Not so much on the workout front this weekend. Saturday I went to the gym in the afternoon for some easy cardio on a spin bike while reading my book. I sat outside for a bit yesterday but didn't move around much, so by the end of the day I was starting to feel the infamous ants-in-the-pants, so opted for a quick calorie burn. Today I walked around the Union College campus where the Coach works in the bright sunshine. Briefly I wished I was back in college until I noticed that half the kids had their noses buried in textbooks while they laid out on towels, were the other half were obnoxiously playing golf with tennis balls aimed at those studying. Yup, don't miss college that much. Also, it made me feel super old. I can't believe I graduated 5 years ago...
One thing I wanted to mention: some people have asked me some specifics about the tempo sprints I do on the treadmill. I've already detailed the numerous benefits about high intensity interval training, and going all out on the treadmill is an easy way to ramp up your fat burn at the end of a workout. It's best to start out sprinting for 15 seconds, then hopping off the track on to the sides of the treadmill for 45 seconds. It sounds silly, but if you're nervous about the jumping off part, practice it before you ramp up the treadmill! Trust me, it's better to prep for some badass sprints and practice than fall off the treadmill because you've never jumped off the moving track before. The incline should be set at 1% minimally, and basically you want to set the speed as fast as you can safely sprint. I always start at 8.5mph and ramp it up from there, maxing out at 10mph (it's just not safe to go faster than that, if that gets easy just up the incline). It should go without saying that you should not hold on during the sprint itself. Start with 4 sprints, then 6, 8, etc. as they get easier. You can also play with the rest time--go to 20 on / 40 off, or 30 on / 30 off. These should be hard. Like breathing hard, sweating profusely, hands-on-knees kind of deal by the end. Enjoy!
As I mentioned last week, I'm on a total paleo-book reading kick these days. I rarely actually buy books, especially cookbooks since I tend to come across all of my recipes online. However, I had heard awesome things about Practical Paleo by Diane Sanfilippo, so I decided to screen this book first by taking it out from the library. The author does an amazing job detailing how certain foods negatively (and positively) affect the digestive system, and goes in to great depth about how various conditions can be improved or worsened based on diet alone. This book is a great resource and I definitely plan on buying it to have a personal copy to reference.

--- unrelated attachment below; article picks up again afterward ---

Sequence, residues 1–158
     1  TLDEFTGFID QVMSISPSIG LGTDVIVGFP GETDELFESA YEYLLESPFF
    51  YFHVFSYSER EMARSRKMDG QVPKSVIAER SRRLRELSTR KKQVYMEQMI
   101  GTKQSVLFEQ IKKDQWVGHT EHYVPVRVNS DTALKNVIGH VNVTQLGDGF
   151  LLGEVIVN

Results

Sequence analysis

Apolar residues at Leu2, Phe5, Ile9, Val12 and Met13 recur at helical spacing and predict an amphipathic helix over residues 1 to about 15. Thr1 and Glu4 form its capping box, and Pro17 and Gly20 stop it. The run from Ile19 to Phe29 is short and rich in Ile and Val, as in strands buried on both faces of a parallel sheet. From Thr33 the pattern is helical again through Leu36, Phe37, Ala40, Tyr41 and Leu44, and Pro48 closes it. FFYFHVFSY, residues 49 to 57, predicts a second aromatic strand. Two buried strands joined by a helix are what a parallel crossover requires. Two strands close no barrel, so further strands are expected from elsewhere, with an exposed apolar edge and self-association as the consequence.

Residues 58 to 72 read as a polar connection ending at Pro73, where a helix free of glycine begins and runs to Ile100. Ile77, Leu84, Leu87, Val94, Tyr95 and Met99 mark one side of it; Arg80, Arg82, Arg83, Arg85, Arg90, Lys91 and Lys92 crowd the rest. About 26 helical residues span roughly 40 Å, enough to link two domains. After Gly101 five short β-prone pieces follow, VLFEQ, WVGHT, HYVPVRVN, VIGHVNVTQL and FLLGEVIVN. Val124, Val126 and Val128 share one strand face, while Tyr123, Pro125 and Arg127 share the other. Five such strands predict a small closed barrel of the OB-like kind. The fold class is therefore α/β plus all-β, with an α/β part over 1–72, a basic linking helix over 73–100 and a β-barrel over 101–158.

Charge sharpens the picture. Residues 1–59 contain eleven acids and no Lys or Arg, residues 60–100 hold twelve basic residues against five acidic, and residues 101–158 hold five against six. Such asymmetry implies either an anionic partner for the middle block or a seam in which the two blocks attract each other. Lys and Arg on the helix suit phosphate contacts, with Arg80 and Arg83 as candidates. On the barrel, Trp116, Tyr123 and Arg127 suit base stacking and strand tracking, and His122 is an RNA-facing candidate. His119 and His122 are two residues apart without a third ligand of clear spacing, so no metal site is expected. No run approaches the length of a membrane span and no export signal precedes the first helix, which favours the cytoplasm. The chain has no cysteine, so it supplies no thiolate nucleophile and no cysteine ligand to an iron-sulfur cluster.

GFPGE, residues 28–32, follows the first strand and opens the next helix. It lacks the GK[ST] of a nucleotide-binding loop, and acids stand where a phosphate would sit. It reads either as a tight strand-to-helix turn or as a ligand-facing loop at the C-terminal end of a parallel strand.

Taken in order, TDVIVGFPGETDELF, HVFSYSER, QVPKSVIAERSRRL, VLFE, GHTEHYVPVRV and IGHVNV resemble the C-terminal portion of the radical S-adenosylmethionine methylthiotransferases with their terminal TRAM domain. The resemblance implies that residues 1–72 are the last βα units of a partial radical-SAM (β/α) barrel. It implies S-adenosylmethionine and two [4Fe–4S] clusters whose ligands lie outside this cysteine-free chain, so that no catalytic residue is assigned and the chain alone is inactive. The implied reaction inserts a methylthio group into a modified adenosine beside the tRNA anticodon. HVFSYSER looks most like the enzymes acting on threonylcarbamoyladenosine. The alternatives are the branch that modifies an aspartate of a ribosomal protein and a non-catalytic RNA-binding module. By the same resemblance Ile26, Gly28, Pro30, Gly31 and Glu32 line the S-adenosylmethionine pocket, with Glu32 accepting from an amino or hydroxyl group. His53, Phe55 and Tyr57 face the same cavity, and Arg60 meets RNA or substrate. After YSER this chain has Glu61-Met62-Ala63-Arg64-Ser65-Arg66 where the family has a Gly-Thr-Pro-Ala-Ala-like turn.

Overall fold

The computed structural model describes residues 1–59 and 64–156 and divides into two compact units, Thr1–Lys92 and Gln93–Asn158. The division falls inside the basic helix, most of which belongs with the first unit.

Besides the ridiculous amount of helpful information, there were also tons of yummy looking recipes in this book. I decided that while I still have this book checked out til the end of the week, I'm going to make a recipe from it every night. Tonight's menu: creamy bolognese. Did you know that traditional bolognese from Italian restaurants usually has heavy cream in it? News to me. So this recipe has a nice dairy-free swap that I was super curious to try out. I would say that I was more inspired by the recipe, since I made a bunch of swaps and barely followed the original. These swaps include: subbed canned tomato sauce for white wine, used an onion and a pepper for the mirepoix since the Coach hates celery, and used fresh sausage instead of the suggested mix of veal/beef and pork plus bacon (too many ingredients to deal with). If you're interested in the original recipe, here's the link: original Practical Paleo bolognese recipe. Here's how my interpretation came together.
1 onion, chopped
1 pepper, chopped
2 cloves garlic, minced
16oz Italian sausage
1t garlic powder
1t onion powder
1t dried oregano
1/2c coconut milk
6oz tomato paste
8oz tomato sauce (no spices in it, just the can)
Heat a skillet with cooking fat over medium-high heat and saute your onion and pepper until translucent. Add the garlic and stir around for 1 minute. Add the sausage and cook until browned. Then add the rest of the ingredients, season with s&p, and reduce to a simmer. Cook for 20-30 minutes and taste, adjust seasonings to your liking.
I served this with zoodles (just found out that's what you call the zucchini noodles you make with a julienne peeler) but you could also serve this with roasted spaghetti squash or any other veg.
As far as meat sauces go, this one came together relatively quickly and tasted sooooo delicious! Not like coconut at all, which I was slightly concerned about. Instead, the sauce was thick and creamy, perfect for when you want some Italian comfort food but don't have time to wait for it to simmer on the stove all day. The Coach was definitely a fan--he gave it the highest rating of any dish I've made recently! Kind of an ouch for my recent culinary adventures but I can deal.
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Just wanted to do a quick check-in on the Whole30 front (no grains, legumes, sugar or dairy). I'm officially one week in now, and I can already tell a huge difference, both in how my clothes fit and my overall energy level. I definitely found myself searching out extra food this past week, as my body came off the roller coaster diet I've been on since my last go around at this detox. For the beginning, I just focused on eating all healthy, clean foods without worrying about amounts. This week I'm going to reign in my portions and snacking, since I've probably (definitely) been overdoing it with the almonds/walnuts. At least that's my current game plan. Fingers crossed I can resist the call of the nice white wine sitting in the fridge that's just calling to be sipped in this nice weather...
Hope everyone has a nice start to their week!